Last year, Carolina was third in the NFL with an average of 152 rushing yards per game, but Saturday, the Dolphins front line stymied the Panthers, holding their talented backs to 98 yards rushing.
DeAngelo Williams, who rushed for 1,515 yards, gained 40 on eight carries. But that was a misleading stat, as Miami held Williams to 14 yards on seven carries. The big one came in the first quarter, when Williams was seemingly stopped behind the line of scrimmage, broke a tackle, broke another in the secondary, and scored on a 26-yard run to tie the game at 7-7.
Cornerback Vontae Davis, whistled for three penalties last week, rebounded with three tackles and an assist, and several passes defended.
"I liked what Vontae did," Sparano said. "We shouldn't have judged him on a couple of plays. He was active and made some nice tackles."
Davis played most of the game, since rookie Sean Smith and veteran Jason Allen were out with flu-like symptoms. Test results are pending, but Sparano said Smith should be back in practice Monday.
Defensive end Cameron Wake also made his presence felt with a big hit on Panthers quarterback Jake McCown on third-and-3 on a pass that was ruled incomplete.
Special teams struggle
While the offense and defense played well, the special teams were not very good, particularly in the first half.
Returner Chris Williams, who was a bright spot in the Jacksonville game, had just two yards on three returns, and he made the biggest mistake of the game when a ball bounced off his facemask at the Miami 10, and Carolina recovered at the 14.
That led to a Decori Birmingham 2-yard TD run that gave the Panthers a 14-10 halftime lead.
Williams got an earful from Sparano on the sidelines, and was replaced in the second half by Davone Bess and rookie Brian Hartline, who managed to hold onto the ball for the remainder of the game.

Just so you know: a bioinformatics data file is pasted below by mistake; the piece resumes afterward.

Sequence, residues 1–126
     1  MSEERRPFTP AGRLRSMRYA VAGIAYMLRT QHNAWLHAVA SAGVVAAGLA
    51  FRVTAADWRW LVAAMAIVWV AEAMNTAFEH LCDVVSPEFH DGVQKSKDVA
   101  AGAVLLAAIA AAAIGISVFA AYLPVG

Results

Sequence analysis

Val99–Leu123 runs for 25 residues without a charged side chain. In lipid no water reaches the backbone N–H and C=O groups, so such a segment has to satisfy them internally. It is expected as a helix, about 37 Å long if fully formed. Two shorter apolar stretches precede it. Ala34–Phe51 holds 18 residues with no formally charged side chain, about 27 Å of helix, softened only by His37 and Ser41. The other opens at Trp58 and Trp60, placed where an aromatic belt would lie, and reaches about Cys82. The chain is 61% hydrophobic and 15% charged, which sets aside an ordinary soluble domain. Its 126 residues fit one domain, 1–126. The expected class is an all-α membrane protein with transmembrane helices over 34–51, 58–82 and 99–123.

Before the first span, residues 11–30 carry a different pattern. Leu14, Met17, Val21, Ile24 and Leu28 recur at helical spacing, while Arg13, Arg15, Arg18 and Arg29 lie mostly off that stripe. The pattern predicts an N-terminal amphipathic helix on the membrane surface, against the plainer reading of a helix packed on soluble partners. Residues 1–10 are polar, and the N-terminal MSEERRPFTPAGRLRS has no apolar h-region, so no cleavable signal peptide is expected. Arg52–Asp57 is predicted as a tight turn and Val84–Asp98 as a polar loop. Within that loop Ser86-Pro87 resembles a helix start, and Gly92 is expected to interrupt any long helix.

Williams wasn't the only special teams performer to struggle, as the Panthers took advantage of poor kick coverage to post a 14-yard average on punt returns, as well as an average of 20 yards a kick return, including two the Panthers nearly broke for scores.
Punter Brandon Fields was the best special teams player for the Dolphins, averaging 45.4 yards a kick, including a boomer that Carolina fumbled and Miami recovered at the Panthers 14-yardline.
That led to Henne's clinching TD pass to Kowalewski.
Overall, the Dolphins could have gotten an A, but the spotty special teams bring them down to a B.
Again, Miami only has a five-day layoff before taking the field, this time Thursday at 8 p.m. at Tampa Bay.
The cornerback position should be one to watch, with Davis and Smith each having one good game so far. If Smith is fully recovered, Thursday could go a long way towards deciding who will start next to Will Allen on opening day.
Also, no player has emerged from the logjam at wide receiver, with eight different wideouts getting playing time Saturday. That group will be pared to five, though Anthony Armstrong did himself no favors Saturday when he dropped a perfect third down pass from Henne that would have given the Dolphins a first down across midfield.
Right now, he's probably the wideout most likely to go, but really, no receiver has been very impressive this preseason, so Sparano has some difficult decisions ahead.
I'll check back later with any new developments.